Latest Blogs from SBS and Company LLP

    Domestic Transfer Pricing - A Bird’s Eye View

    The concept of transfer pricing was introduced in the IT Act through Finance Act 2001 in order to make sure that appropriate amount of income is subject to tax in India and to curb the practice of tax avoidance. The Honourable Finance Minister in his budget speech for the year 2001 has stated as under:

    1. The presence of multinational enterprises in India and their ability to allocate profits in different jurisdictions by controlling prices in intra-group transactions has made the issue of transfer pricing a matter of serious concern. I had set up an Expert Group in November 1999 to examine the issues relating to transfer pricing. Their report has been received, proposing a detailed structure for transfer pricing legislation. Necessary legislative changes are being made in the Finance Bill based on these recommendation[1]

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    SBS Wiki E Journal Jan 2021

    In this edition, we bring you an article on indirect tax implications on mining rights. Majority of the readers would know that there was a reverse charge obligation on businesses for support services received from government. The tax authorities using this particular obligation has tried to fasten liabilities on mining rights taken by the businesses from the government. Whether a mining right can be called as a ‘tax’ or ‘consideration for service’ is currently pending before 9 member bench at Honourable Supreme Court. We have comprehensively discussed about the said issue pending the outcome of judgment.

    The next article is on domestic transfer pricing regulations. With the introduction of Section 115BAB, the said domestic transfer pricing regulations have come again to the surface. In this part, we have dealt with the basic overview of the domestic transfer pricing regulations and in the upcoming parts, we are going to take certain case studies for deliberation.

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    Thin Capitalization - Restriction of Interest under Section 94B - Next Litigation Saga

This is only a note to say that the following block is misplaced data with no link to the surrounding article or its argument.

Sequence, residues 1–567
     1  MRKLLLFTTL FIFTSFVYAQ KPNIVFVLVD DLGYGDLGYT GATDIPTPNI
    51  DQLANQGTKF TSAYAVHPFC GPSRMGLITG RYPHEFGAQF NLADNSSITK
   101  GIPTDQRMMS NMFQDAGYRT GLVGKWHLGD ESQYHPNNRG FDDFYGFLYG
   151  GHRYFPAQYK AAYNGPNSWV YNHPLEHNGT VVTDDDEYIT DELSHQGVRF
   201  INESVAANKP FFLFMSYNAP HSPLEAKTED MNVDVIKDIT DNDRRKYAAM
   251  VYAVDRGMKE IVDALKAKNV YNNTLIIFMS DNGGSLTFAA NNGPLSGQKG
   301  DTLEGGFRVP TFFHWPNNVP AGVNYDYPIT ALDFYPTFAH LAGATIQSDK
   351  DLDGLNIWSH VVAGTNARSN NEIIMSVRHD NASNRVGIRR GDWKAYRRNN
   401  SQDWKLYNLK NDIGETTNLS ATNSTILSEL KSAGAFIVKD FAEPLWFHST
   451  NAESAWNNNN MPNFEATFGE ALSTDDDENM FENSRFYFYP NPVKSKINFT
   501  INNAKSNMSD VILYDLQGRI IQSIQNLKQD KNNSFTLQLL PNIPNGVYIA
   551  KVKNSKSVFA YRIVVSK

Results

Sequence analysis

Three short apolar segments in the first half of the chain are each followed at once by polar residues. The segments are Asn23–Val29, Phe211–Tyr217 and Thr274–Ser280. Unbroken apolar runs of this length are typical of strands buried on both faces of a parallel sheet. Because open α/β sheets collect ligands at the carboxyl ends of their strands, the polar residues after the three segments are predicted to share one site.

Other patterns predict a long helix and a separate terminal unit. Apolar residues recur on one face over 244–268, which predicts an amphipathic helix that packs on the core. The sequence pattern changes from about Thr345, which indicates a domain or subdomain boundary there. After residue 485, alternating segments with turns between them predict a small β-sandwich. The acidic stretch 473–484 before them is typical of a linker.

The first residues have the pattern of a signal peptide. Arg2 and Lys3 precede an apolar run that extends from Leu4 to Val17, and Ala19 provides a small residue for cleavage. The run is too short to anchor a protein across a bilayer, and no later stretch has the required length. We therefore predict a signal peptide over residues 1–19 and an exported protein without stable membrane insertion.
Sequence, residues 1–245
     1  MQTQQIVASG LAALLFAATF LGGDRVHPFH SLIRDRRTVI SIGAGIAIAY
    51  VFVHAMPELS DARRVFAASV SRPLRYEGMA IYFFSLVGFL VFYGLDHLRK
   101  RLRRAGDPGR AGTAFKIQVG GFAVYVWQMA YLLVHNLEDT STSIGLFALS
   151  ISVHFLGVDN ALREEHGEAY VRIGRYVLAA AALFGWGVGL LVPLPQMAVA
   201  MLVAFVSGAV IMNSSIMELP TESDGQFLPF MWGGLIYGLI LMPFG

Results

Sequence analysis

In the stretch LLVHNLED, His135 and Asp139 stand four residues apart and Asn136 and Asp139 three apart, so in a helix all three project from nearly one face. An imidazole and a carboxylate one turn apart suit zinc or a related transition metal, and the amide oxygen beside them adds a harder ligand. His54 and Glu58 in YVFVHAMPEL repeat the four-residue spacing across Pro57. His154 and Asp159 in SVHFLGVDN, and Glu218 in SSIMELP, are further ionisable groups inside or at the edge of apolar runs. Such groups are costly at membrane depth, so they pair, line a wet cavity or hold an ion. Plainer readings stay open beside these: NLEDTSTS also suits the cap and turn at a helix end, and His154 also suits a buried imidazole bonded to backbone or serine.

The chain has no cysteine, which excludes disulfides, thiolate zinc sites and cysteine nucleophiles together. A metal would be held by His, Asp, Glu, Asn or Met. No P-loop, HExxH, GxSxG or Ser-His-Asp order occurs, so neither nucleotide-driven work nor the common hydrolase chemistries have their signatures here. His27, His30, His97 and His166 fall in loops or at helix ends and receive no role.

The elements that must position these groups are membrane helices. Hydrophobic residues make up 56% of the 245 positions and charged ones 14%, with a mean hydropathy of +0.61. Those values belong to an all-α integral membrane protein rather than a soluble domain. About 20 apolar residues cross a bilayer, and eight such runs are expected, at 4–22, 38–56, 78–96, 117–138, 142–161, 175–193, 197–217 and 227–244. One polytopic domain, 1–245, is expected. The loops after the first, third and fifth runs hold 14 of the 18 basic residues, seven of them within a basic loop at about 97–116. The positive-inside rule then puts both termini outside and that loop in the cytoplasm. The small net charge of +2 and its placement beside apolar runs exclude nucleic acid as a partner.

The concept of ‘thin capitalization’ draws utmost attention in the modern group structuring of MNE[1]. Many multinational groups resort to thin capitalization model in order to minimize group’s net tax liability. A company is said to be thinly capitalized when such company is having more debt-equity ratio. Having more debt-equity ratio may cause shifting of profits from one country to other in order to reduce tax liability of the entire group.

    The Indian avatar of elimination of abusive strategy of ‘thin-capitalization’ can be seen in the form of Section 94B of ITA[2], which we will be detailing at length at appropriate place. In these series of articles, we intend to cover the background of introduction of thin-capitalization, reasons for introduction of Section 94B and the various issues springing out of inadequate language of Section 94B. In this part, we cover the background and overview of Section 94B and the subsequent parts, the issues will be covered in much detail.

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    All About QRMP Scheme


    As a trade facilitation measure and in order to further ease the process of doing business, the GST Council in its 42nd meeting held on 05.10.2020 has recommended for quarterly return filing facility for small taxpayers. Based on these recommendations, Government has introduced the scheme of Quarterly Return filing with Monthly Payment of taxes (for brevity ‘QRMP scheme’). This scheme has been introduced to minimize the burden of compliances on small taxpayers having aggregate turnover of up to INR 5 crores. This new Scheme will be effective from 01.01.2021.


    A registered person who is required to furnish a return in Form GSTR-3B, and who has an aggregate turnover of up to INR 5 crore rupees in the preceding financial year, is eligible to opt for the QRMP Scheme in the current financial year. However, in case the aggregate turnover exceeds INR 5 crores during any quarter in the current financial year, the registered person shall not be eligible for the scheme from the next quarter.

    what is e-Invoice


    Sources[1] say that 535 cases involving fraudulent input tax credit (ITC) of Rs 2,565 Crores have been booked so far in the previous financial year. For Financial Year (FY) 2018-19, the statistics were even more staggering with 1,620 cases involving fraudulent ITC claims of Rs 11,251 crore.

    Thus, fake invoicing turned out to be a menace in GST implementation and is affecting the GST collections. Government is looking at e-invoicing as effective tool to curb this menace. It has been introduced w.e.f. 01.01.2020 on voluntary basis and is mandatory w.e.f. 01.04.2020. However, the same was relaxed till 30.09.2020 due to myriad reasons. As on date, the Government has implemented the e-invoicing with effect from 01.10.2020.  

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